The macular area is important to the detection of glaucomatous retinal ganglion cell (RGC) damage. Macular thickness complementary to peripapillary retinal nerve fibre layer (RNFL) thickness can well reflect glaucomatous damage, given that the macula contains more than 50% of the RGCs in a multilayered pattern and larger RGC bodies compared with their axons. Thus, macular ganglion cell thickness parameters recently have been considered to be an effective glaucoma-diagnostic tool comparable to RNFL thickness parameters. Furthermore, spectral-domain optical coherence tomography ganglion cell–inner plexiform layer thickness and deviation maps can provide additional information essential for distinguishing glaucomatous changes from other, myopia-associated or macular disease-associated changes. Therefore, our aim with this study was to review the clinical application of macular imaging by optical coherence tomography and to provide essential clinical tips for its use in the diagnosis and management of glaucoma.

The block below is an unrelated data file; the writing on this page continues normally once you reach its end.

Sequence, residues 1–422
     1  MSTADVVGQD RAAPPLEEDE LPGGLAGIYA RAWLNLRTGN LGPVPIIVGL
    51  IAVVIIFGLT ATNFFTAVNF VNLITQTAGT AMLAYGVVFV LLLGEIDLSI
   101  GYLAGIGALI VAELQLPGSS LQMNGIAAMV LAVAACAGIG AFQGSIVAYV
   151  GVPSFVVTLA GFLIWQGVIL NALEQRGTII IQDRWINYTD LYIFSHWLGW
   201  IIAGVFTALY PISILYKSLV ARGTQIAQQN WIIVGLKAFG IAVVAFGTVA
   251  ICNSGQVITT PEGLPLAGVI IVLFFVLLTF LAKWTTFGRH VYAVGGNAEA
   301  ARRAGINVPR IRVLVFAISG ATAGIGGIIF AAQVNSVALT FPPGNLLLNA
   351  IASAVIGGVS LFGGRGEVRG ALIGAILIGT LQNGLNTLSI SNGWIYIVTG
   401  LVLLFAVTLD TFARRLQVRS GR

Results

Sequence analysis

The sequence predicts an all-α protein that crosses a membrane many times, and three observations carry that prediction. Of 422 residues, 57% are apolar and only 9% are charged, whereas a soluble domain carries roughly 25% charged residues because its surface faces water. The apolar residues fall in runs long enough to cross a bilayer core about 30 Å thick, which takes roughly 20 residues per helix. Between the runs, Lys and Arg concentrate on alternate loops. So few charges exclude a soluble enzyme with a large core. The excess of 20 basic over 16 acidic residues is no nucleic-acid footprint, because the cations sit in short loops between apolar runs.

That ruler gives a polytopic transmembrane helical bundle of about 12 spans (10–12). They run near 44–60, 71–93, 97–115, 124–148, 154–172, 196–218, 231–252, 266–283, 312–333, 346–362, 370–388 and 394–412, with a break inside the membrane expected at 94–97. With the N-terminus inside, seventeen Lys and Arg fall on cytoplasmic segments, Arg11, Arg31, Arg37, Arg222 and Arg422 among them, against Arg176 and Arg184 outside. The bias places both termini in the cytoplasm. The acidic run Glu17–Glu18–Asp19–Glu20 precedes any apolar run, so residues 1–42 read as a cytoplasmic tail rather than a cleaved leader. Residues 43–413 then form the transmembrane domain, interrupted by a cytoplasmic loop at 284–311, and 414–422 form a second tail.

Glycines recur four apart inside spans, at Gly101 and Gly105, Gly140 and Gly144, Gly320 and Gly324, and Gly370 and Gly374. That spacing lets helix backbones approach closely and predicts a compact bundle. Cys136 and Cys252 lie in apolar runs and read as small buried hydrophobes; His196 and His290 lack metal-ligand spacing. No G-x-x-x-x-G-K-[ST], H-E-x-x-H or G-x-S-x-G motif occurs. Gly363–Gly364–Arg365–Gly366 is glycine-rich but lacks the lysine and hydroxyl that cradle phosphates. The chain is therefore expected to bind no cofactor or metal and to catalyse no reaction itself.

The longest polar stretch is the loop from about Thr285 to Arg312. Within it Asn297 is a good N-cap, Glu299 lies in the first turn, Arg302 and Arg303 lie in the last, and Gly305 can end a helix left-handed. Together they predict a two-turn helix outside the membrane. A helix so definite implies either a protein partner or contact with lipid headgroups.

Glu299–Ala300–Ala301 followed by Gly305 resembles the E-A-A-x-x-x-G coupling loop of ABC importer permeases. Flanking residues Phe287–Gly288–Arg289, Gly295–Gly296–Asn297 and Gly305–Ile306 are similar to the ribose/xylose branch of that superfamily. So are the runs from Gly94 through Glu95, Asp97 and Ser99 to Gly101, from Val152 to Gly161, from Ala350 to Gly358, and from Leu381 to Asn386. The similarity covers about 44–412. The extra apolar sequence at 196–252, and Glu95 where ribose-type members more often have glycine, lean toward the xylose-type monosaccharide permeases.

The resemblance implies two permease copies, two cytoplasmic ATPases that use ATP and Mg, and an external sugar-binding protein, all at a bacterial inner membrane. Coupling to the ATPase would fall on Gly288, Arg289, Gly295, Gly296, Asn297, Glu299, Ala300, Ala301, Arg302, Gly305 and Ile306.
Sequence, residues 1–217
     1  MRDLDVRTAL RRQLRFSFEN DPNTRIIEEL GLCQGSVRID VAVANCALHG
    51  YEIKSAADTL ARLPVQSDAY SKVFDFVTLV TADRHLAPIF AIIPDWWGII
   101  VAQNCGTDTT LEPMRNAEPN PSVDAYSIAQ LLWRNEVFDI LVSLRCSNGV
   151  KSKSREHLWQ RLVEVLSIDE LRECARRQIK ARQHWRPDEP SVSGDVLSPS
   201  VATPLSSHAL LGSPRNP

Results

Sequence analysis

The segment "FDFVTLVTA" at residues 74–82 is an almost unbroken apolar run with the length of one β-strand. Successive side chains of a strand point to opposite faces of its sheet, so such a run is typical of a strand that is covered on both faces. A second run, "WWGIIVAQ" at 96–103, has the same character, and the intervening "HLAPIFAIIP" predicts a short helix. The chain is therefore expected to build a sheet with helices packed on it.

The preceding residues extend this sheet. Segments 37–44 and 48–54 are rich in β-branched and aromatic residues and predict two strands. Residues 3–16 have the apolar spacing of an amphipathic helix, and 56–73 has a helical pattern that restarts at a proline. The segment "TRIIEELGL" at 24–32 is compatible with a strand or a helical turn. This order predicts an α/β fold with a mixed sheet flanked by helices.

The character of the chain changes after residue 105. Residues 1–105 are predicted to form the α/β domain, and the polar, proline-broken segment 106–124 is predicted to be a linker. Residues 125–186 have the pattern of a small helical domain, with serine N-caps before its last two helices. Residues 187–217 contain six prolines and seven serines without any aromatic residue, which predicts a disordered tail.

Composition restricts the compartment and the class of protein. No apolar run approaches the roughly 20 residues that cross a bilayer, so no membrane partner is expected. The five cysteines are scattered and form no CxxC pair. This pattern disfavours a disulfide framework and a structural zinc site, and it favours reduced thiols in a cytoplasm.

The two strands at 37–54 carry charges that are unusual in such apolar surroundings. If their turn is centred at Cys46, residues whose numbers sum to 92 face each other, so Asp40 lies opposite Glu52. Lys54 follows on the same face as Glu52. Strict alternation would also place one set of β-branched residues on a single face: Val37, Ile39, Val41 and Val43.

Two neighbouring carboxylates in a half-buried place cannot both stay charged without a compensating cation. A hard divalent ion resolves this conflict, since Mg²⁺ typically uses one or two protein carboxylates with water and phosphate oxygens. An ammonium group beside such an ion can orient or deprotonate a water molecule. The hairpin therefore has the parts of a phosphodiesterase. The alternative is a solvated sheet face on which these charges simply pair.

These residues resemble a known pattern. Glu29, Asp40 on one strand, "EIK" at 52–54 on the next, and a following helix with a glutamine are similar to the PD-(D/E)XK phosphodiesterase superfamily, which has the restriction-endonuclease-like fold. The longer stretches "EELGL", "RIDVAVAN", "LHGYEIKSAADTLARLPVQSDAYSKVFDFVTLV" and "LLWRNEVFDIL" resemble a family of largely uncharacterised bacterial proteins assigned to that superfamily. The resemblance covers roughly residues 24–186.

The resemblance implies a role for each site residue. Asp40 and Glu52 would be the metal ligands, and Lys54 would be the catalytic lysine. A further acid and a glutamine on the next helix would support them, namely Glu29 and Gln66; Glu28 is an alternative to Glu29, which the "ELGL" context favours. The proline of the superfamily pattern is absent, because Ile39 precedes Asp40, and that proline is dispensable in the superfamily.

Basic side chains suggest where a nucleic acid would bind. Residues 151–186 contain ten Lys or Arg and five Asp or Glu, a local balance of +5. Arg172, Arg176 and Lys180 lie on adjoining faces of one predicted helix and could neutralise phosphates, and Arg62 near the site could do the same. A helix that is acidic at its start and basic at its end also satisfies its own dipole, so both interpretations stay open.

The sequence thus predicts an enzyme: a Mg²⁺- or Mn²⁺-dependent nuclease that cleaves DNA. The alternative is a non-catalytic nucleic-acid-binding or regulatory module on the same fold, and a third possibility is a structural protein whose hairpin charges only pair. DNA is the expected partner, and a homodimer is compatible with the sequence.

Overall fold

- diagnostic tests/investigation
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Contributors Design of review: KEK, KHP. Collection and management of data/references: KEK. Interpretation of data: KEK, KHP. Preparation of manuscript: KEK, KHP. Review/approval of manuscript: KHP.
Competing interests None declared.
Provenance and peer review Not commissioned; externally peer reviewed.
Correction notice This article has been corrected since it published Online First. The reference citation at the end of the Figure 2 caption has been corrected from 8 to 16.
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